Children who experience early childhood stressors, such as socioeconomic disadvantages, violence, and abuse, are at increased risk for poor academic performance. Research has shown that these children do not have the same educational resources available to them as more advantaged children. It has also been proven that children who are victims of childhood maltreatment, such as neglect, sexual or emotional abuse, or even malnutrition, do not acquire the coping skills necessary to adjust to changing social climates and pressures. Coping strategies are learned early in life, and the lack of available adaptive coping skills puts these children at risk for later academic and social struggles.
Although there has been much research supporting the link between harsh and difficult home environments and poor academic achievement, David Schwartz of the Department of Psychology at the University of Southern California wanted to determine what specific factors contributed to the overall academic abilities of children at risk. Schwartz recently led a study that looked at how harsh home experiences affected the risk for negative peer relations and thus poor academic performance in a sample of 388 children. He evaluated the family environments of the children beginning in preschool. The children were questioned about their peer relations and victimization when they were 8 years old and were then academically evaluated for 7 more years.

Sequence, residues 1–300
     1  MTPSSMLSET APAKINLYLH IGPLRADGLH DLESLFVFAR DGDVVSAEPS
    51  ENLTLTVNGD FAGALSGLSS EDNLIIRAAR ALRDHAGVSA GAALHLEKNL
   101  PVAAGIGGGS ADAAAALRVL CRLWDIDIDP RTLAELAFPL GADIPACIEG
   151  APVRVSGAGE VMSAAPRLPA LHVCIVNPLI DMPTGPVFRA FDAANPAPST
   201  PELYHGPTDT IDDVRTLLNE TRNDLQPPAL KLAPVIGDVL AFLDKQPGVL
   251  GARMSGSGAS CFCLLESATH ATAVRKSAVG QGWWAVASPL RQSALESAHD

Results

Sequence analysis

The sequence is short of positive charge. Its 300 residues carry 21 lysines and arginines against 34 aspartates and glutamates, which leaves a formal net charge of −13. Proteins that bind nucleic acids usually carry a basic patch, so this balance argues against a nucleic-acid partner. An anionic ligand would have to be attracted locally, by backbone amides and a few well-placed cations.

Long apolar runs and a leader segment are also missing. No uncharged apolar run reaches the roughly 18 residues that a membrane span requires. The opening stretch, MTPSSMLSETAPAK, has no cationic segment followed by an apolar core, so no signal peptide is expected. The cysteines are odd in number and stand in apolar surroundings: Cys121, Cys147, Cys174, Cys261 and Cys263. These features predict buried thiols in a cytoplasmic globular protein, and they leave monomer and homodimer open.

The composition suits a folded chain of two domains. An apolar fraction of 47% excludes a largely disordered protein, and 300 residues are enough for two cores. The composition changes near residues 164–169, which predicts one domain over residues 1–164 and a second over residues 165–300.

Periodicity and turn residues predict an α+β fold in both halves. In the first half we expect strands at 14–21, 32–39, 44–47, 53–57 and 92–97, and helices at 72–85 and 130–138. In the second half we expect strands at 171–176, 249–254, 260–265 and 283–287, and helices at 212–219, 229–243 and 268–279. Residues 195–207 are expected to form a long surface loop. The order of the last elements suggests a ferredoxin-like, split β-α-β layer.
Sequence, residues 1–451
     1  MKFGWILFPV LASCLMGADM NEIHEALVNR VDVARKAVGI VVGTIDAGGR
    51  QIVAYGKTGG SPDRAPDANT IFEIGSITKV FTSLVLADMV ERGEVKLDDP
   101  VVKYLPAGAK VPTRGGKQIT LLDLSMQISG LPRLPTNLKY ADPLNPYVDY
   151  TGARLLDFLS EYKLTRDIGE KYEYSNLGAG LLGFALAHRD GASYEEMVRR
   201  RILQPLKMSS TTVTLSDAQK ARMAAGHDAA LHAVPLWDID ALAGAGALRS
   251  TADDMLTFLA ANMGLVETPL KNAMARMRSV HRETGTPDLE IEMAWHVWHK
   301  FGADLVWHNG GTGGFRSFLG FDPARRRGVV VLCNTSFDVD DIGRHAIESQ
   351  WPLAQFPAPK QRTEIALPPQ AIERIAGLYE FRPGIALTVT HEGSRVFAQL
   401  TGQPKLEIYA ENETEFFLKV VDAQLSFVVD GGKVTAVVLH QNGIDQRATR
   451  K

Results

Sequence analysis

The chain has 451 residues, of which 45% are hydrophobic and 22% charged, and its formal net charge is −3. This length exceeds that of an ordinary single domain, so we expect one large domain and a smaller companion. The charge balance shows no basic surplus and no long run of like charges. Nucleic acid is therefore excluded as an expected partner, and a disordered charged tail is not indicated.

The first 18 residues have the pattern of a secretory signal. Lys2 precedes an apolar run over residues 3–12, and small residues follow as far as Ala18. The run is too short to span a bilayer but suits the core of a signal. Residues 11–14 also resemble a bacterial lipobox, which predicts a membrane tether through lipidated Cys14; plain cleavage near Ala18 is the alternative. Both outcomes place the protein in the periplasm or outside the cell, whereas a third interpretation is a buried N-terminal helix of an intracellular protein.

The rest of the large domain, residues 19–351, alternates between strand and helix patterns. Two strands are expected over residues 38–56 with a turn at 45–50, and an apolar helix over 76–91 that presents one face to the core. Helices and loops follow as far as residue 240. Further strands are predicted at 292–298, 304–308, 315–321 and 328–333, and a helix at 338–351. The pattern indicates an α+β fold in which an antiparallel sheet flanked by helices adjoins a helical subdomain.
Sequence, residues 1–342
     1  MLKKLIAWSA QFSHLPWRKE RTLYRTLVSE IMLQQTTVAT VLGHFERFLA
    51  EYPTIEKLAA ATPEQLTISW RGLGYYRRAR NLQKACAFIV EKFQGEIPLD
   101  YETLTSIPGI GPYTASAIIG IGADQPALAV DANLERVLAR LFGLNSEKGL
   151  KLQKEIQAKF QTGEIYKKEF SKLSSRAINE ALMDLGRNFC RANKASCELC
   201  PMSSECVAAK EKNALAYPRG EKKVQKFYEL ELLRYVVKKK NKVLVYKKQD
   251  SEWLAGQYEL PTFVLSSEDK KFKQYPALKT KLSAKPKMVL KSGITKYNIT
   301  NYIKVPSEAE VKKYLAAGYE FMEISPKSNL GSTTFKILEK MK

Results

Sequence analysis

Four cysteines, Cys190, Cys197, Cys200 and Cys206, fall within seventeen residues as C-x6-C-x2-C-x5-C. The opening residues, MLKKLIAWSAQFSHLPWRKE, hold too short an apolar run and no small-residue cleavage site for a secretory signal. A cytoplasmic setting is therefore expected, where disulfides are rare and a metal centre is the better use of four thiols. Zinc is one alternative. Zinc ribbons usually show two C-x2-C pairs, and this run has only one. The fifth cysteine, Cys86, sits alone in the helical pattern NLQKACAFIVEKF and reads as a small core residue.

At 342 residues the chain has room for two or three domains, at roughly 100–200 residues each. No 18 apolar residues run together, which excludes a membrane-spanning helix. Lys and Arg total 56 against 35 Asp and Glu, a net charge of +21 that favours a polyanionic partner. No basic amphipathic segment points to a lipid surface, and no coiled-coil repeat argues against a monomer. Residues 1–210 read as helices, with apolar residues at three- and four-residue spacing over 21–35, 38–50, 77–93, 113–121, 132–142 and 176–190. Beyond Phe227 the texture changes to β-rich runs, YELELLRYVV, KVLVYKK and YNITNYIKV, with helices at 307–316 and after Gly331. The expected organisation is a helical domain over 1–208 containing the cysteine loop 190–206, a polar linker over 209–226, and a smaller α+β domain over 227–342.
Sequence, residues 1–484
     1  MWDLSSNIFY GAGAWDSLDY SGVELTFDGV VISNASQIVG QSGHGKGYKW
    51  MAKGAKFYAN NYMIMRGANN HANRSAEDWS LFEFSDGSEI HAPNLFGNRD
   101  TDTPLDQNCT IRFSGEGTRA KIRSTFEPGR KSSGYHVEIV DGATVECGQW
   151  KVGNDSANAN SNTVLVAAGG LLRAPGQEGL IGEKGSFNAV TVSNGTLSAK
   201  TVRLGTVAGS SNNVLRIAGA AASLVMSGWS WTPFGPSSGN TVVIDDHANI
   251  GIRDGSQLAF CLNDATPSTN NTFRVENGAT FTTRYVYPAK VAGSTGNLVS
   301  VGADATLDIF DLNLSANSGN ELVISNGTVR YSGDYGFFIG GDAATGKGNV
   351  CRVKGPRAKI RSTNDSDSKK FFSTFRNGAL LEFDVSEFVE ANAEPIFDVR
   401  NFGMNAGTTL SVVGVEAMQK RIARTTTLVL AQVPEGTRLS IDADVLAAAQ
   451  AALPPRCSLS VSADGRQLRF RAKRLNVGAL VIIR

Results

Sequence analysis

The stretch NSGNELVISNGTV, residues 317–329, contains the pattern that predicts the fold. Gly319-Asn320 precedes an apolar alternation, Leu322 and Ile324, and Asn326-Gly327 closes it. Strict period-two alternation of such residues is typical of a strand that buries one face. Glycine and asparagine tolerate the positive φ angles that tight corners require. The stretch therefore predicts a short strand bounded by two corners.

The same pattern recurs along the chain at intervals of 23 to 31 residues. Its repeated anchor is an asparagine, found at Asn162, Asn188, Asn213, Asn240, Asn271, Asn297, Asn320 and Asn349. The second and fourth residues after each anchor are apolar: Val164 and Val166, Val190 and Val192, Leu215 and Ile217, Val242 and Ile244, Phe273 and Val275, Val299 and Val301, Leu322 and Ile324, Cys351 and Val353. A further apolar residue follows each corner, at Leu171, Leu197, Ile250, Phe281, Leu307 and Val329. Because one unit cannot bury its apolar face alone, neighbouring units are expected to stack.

Schwartz found that the children who had the worst academic outcomes were those who experienced harsh and challenging home environments during their preschool years. However, this was only evident in those children who were bullied. Children that had experienced positive peer relations did not produce poorly academically. Rather, these children, despite their punitive and sometimes violent upbringings, exhibited relatively little academic impairment. Schwartz believes these findings suggest that early mistreatment can lead to future peer victimization for children who are unable to effectively cope with new social encounters. And this in turn can negatively impact academic outcome. Schwartz believes that understanding which factors contribute to resiliency in some children is an issue that should be explored further in future research. He added, “Overall, these results add to the growing body of evidence validating interactive perspectives on the risk associated with harsh family environments and victimization in the peer group.”
Schwartz, D., Lansford, J. E., Dodge, K. A., Pettit, G. S., Bates, J. E. (2012). The Link between harsh home environments and negative academic trajectories is exacerbated by victimization in the elementary school peer group. Developmental Psychology. Advance online publication. doi: 10.1037/a0028249
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